Alan's poor wife is standing there with a sad expression, just nodding her head slowly. Like she's trying her best to be there for her man, and knows there's just too much "Army stuff" that she can't help with but gosh darnit she's going to love him and do her best. And that's what really got me. His stories have gotten to such a point that he CAN'T share the truth with his spouse, he's too far down the rabbit hole. He quite possibly could get some disability or medical assistance, but he can't break open the false memory box now. It's like he's put a burden on himself AND his new family (jesus, a gun at a kid?), but there's just no foundation to it all, at least not military. There might be some real issues and trauma that he does need help for, but for damned sure it wasn't because of a toddler strapped to an IED in Saudi freakin' Arabia. Hell even his apparent Guard time afterwards was fishy to me - he was "a tanker" in a state that hasn't had an armored or mechanized component since the late 80's. We parted ways with a handshake and smiles all around (a bit fake from me), and we carried on with the party. But the whole situation with his wife and kids left me feeling weird and a little bummed about the whole interaction, you know? *sigh* It was a bit of a downer. Where does his internal story go from here? It won't ever be resolved, and nothing can ever get better for him or those around him. Uh, my bad. I'll take a... Whopper, a SONIC Blast, and two Taco Supremes. Wait, what line am I even in? Where's my car?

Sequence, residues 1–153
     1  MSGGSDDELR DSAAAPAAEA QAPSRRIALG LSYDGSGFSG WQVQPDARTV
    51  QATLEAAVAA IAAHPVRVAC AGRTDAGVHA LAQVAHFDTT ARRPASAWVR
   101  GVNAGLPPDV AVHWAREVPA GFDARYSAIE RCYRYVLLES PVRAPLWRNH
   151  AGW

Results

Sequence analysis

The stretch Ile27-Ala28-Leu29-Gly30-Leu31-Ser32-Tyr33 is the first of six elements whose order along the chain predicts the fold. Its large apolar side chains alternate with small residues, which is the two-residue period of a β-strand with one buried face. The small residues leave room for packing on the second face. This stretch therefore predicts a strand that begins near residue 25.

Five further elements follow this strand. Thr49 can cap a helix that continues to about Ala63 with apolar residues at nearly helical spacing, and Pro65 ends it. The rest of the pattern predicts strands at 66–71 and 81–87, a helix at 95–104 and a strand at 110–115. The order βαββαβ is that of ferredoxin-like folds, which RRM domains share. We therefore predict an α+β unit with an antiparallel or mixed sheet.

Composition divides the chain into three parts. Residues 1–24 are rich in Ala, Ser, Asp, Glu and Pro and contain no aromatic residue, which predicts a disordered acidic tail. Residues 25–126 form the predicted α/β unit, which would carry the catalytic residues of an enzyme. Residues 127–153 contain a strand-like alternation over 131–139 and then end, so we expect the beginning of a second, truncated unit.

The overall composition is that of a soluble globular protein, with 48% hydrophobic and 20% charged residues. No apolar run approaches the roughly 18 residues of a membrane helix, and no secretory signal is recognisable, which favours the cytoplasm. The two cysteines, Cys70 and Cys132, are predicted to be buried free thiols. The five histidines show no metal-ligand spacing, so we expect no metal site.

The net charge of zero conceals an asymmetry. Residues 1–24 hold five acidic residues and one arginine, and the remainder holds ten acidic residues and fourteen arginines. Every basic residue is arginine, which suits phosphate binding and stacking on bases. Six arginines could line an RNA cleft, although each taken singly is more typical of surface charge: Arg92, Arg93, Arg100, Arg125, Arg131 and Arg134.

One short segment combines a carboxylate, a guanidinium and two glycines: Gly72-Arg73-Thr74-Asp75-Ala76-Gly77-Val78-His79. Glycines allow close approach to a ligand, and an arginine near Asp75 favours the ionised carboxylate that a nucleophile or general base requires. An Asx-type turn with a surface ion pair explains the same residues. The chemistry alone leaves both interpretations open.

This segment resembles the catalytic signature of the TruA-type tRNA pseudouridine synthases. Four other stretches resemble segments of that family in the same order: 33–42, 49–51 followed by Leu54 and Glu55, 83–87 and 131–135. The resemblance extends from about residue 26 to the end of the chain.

Amy: My first Short story-feedback will be greatly appreciated